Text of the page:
You don’t have that privilege in New York City.

4. Southern hospitality can be weird.
Shopping for groceries in Manhattan at rush hour resembles a dystopian Lord of the Flies experiment sponsored by Trader Joe’s. It’s every man for himself. Shopping carts are smaller for optimal aisle navigation, everyone has their headphones in and elbows out. I went to Publix the other day (if you don’t know what Publix is, imagine a grocery store experience in heaven) and I was in your average suburban-sized aisle (see point one) when two different men said “excuse me, ma’am” as they walked past me in the cereal aisle. I do not own the cereal aisle. Why do they need me to excuse them? They were at least two feet away from me when they passed by. How absurdly polite.

During this same Publix experience, two different produce attendants asked if I needed anything. Do you know how much eye contact these exchanges required? Do you realize how much eye contact they make in the South? What is everyone staring at all the time?

Which leads me to my next point…

5. It’s a village.
I feel observed all of the time in Florida. I’ve now begun to observe others, if only because I ran into two different people from high school in the Metro Orlando area of town. I went to high school 20 miles away from this region. The Cheesecake Factory is not safe, the gigantic Target in Millenia plaza is not safe. You will see people you know and will have to account to why you are in town and have not called them.

I went to Epcot earlier this week, you know, the Disney theme park that averages 31,000 visitors a day, and saw an old teacher and another couple I knew from the church I used to belong to. Greater Orlando may have a population of 2 million people but it’s actually a provincial town at heart.

The townspeople do not use turn signals.

From Unhappy to Hired

writing

On Monday, I was offered the position of Assistant Managing Editor at one of the quickest growing social content platforms available.

I’m excited to share that I accepted this new role supporting the development and promotion of diverse, compelling content from writers and thought-leaders across the country!

Searching for a job is such an ambiguous, often tedious, endeavor and I like the idea of building transparency and knowledge in order to demystify the process. I’ll share what I learned in upcoming posts but for now, I have to get to work.

About Those Leftovers

Ahhh, Thanksgiving.

A time when I am reminded how proficient other people are at cooking and muse once again about a domestic future for myself far in the distance.

At the moment, the reality of that future goes about as far as my reading this roasted cauliflower recipe.

Luckily, I will be going home for Thanksgiving this year where my parents will have selflessly cooked everything in exchange for the brief return of their only daughter and the entertainment my brothers and I provide whenever we are reunited. And our love, probably. I have a flight headed home to Florida this afternoon and my to-do list for the long weekend includes “eat chick-fil-a, visit the beach, text Gerty a photo of an alligator” but not much else.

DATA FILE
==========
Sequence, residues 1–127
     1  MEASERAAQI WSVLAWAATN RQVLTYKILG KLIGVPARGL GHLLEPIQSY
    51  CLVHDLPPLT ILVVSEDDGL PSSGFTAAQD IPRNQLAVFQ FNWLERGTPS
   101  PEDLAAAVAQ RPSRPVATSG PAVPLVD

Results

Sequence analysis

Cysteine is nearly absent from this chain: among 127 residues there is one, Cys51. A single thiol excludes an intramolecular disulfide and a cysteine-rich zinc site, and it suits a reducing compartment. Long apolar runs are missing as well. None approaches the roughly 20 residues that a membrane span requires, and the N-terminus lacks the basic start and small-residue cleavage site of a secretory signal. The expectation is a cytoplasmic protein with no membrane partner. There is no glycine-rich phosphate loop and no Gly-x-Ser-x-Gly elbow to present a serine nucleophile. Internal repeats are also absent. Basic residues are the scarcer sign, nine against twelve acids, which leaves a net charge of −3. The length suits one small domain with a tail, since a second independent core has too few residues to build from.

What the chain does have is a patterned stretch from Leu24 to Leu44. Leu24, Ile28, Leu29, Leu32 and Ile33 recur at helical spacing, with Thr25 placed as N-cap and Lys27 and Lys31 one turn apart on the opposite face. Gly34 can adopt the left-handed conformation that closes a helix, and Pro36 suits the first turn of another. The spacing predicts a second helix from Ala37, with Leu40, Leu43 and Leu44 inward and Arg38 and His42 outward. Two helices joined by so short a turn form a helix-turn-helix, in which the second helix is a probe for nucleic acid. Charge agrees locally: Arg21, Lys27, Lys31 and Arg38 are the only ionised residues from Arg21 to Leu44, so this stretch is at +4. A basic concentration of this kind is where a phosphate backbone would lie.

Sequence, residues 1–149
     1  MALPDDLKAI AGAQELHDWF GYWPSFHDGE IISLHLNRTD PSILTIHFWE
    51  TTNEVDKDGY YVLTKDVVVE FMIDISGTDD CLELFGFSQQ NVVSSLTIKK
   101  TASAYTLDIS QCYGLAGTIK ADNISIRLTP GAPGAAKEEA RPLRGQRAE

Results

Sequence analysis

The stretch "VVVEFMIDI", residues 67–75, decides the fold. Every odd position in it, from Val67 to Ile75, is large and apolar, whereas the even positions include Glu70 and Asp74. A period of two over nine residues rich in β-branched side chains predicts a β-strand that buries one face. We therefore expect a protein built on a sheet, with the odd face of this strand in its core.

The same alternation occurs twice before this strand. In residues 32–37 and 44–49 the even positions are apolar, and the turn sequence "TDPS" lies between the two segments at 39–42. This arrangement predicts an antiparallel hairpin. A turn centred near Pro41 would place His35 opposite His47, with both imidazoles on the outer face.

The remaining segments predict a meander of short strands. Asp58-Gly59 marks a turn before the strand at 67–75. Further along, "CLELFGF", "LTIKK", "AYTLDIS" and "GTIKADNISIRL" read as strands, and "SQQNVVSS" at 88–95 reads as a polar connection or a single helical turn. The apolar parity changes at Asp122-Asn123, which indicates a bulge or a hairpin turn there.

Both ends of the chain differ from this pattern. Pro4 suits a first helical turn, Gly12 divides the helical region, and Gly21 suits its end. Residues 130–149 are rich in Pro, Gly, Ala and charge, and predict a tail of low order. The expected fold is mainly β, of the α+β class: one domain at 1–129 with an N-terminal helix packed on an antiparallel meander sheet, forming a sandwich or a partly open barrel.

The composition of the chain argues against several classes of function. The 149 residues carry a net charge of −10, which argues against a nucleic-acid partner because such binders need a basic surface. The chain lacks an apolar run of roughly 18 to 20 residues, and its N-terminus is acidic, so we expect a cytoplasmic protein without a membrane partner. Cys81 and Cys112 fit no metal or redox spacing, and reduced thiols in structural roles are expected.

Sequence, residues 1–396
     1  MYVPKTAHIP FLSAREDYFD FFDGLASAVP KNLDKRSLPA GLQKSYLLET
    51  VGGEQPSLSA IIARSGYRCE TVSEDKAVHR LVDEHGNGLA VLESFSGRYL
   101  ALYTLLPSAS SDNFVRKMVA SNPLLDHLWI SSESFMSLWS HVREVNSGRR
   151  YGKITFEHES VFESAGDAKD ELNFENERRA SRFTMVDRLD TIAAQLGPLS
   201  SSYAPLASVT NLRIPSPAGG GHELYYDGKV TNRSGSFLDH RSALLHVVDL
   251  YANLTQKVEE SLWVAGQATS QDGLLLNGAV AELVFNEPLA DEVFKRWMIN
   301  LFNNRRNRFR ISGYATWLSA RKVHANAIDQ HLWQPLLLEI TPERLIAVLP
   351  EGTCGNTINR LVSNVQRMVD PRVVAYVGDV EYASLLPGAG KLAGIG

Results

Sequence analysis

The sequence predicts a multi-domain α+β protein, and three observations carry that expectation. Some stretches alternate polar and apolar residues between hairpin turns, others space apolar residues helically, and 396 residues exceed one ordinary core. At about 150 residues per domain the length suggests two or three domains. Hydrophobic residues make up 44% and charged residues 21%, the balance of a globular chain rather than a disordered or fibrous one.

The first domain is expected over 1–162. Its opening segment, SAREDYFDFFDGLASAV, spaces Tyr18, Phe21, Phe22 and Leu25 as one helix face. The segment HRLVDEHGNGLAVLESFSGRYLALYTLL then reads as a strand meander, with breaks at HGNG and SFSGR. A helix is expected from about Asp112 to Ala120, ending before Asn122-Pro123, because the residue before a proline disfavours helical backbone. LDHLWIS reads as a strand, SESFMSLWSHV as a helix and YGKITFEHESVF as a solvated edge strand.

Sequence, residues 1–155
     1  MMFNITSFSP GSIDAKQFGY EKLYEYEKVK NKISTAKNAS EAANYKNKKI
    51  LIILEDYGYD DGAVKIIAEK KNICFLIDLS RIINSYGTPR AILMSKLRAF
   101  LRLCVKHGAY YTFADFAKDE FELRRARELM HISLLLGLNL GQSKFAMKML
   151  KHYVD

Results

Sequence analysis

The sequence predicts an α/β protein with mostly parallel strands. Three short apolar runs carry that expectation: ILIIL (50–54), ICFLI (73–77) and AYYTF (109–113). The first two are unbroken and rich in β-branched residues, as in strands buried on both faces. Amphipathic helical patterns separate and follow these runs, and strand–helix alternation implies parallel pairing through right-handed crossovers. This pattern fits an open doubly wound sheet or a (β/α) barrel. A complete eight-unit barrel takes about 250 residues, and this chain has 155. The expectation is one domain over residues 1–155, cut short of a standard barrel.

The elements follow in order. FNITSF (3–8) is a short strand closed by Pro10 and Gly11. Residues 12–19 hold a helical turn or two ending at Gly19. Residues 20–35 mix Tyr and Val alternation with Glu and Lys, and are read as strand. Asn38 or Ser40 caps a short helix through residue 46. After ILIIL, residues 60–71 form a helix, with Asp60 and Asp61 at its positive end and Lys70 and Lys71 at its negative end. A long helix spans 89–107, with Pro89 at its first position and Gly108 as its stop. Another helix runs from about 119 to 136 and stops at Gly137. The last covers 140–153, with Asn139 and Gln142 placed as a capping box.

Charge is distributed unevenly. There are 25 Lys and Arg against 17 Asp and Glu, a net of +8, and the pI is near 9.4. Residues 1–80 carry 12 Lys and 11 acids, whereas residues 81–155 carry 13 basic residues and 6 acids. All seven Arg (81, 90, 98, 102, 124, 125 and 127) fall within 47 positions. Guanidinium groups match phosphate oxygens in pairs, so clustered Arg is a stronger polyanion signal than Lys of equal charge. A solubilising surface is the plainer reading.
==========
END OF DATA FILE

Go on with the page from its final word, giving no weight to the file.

Last year, my youngest brother visited me in New York City and we enjoyed a very hectic morning preparing to see the Macy’s Thanksgiving Day Parade in person. I totally recommend doing this if you ever get the chance to but make sure you line up to wait in a spot with maximum balloon visibility. See, we did not do this because my research towards these sorts of things is forgotten when I have to wake up at 5am in the morning and I only realized my mistake after the parade began. This prompted my brother and I to run along multiple avenues in search of a better spot along with all the other suckers that did the same thing.

littlebro

We looked like the pack of wildebeests in The Lion King, you know, in that scene where the plot takes a turn for the worst (NO SPOILERS) but alas, we were determined to watch a televised parade of large balloons pass us by in celebration of a holiday that preserves a fictitious historical narrative surrounding our country’s history. New Yorkers enjoying Thanksgiving from the comfort of their expensive mid-town apartments probably watched and laughed from the comfort of their heated homes.

And then I wondered… Are we their parade?

(I didn’t really, I just saw an opportunity for a Carrie Bradshaw impression and I took it.)

I also took this photo.

thanksgiving

Our hands and noses froze in the 30 degree weather.

The balloons look much smaller in person.

And we had the greatest time ever.

What are you and your family doing for Thanksgiving? Do you have any traditions? If you don’t, I have a suggestion for a new one where you save me a piece of pie.